Music » Critics' Picks

Clare Burson

8 p.m. Sunday, December 12. Off Broadway, 3509 Lemp Avenue.

by

comment

In some sense, popular music — even at its most oblique — is a form of oral history, a subjective account of these passing days. On her stunning and contemplative 2010 album, Silver and Ash, New York-based songwriter Clare Burson pushes the envelope of history straight through the cracks of her familial past and into twentieth-century nightmares. For Ash, Burson traveled across Europe and gathered stories of her grandmother, who fled Germany in November 1938, the very morning of Kristallnacht. She returned with songs of exile and memory, of destruction and improbable permanence — and an album that's often as tuneful as Brandi Carlile's music and sometimes as spooky as Giant Sand's songs. When Burson chants, "Everything's gone, but we're all still here," her voice evokes the sweet and bitter understanding the past and present deserves.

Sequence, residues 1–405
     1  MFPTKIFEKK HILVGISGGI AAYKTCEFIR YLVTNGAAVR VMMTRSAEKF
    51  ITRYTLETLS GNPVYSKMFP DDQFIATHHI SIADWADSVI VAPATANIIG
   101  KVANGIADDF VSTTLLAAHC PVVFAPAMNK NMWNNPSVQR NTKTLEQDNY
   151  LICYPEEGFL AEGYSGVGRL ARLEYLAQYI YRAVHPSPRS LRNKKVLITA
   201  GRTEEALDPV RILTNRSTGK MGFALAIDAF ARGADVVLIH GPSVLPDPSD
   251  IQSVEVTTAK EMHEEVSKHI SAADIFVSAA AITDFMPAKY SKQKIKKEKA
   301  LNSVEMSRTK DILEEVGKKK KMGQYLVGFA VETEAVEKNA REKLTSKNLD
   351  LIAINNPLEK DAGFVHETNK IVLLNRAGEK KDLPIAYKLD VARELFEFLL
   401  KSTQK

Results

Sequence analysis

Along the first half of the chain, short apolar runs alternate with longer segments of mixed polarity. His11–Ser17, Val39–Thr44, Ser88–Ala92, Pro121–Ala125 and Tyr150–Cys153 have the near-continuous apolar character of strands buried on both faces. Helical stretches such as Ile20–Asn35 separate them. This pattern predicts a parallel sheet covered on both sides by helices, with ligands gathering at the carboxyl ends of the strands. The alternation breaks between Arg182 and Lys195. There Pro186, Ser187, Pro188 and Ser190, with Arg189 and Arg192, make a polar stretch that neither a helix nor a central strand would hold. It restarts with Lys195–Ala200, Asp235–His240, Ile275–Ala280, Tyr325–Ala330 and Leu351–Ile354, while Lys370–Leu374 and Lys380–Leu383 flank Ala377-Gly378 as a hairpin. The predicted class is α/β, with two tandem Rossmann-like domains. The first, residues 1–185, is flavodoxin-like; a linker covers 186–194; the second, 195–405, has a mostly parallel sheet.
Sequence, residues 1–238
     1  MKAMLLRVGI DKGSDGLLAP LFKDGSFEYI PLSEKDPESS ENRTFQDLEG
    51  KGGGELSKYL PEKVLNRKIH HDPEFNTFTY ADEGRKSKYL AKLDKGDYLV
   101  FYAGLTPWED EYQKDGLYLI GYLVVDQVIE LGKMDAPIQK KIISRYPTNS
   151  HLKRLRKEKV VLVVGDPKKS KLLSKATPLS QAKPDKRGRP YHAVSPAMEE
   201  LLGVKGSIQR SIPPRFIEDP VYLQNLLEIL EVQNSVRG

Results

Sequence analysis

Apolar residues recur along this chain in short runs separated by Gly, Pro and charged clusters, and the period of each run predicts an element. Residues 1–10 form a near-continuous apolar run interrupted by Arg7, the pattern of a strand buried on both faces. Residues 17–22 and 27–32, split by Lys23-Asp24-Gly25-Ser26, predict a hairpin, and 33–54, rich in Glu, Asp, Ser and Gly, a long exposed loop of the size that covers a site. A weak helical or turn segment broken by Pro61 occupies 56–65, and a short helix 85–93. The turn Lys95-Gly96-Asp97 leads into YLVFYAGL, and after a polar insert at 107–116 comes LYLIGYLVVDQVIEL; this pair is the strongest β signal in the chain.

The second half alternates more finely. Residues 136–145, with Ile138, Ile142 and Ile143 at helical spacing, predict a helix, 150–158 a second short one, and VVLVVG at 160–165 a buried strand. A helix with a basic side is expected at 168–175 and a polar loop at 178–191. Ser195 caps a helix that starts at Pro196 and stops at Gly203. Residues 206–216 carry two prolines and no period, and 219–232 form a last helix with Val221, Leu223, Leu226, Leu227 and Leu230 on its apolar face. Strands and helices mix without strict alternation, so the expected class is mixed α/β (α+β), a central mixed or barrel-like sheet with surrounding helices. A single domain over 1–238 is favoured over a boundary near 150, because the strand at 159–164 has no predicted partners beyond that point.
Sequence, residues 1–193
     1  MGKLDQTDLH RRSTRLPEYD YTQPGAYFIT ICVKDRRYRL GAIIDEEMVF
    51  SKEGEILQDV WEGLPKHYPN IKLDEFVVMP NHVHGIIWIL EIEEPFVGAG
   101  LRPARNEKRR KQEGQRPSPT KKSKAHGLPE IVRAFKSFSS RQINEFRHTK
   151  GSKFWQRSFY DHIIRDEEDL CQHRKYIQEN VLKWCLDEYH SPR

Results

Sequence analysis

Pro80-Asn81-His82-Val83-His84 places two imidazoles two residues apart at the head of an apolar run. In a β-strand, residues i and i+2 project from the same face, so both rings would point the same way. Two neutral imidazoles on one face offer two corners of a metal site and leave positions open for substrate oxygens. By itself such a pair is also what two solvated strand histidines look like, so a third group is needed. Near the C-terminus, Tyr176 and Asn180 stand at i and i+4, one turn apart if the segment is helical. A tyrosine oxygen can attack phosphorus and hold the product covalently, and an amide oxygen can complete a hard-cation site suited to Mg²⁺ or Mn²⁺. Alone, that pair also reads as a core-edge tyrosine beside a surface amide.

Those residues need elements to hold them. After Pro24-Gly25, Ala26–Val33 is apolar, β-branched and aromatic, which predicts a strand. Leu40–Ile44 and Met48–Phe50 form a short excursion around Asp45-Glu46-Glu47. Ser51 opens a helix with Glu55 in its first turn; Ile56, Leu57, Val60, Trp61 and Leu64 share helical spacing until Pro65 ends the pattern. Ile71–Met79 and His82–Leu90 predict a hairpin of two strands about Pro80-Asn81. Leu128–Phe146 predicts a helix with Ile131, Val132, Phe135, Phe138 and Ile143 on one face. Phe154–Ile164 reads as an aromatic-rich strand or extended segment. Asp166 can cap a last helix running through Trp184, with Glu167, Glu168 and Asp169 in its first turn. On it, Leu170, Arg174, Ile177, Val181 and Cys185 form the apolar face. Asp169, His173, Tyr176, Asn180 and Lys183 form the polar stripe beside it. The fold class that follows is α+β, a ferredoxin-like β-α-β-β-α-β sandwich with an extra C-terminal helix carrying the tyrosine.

Support Local Journalism.
Join the Riverfront Times Press Club

Local journalism is information. Information is power. And we believe everyone deserves access to accurate independent coverage of their community and state. Our readers helped us continue this coverage in 2020, and we are so grateful for the support.

Help us keep this coverage going in 2021. Whether it's a one-time acknowledgement of this article or an ongoing membership pledge, your support goes to local-based reporting from our small but mighty team.

Join the Riverfront Times Club for as little as $5 a month.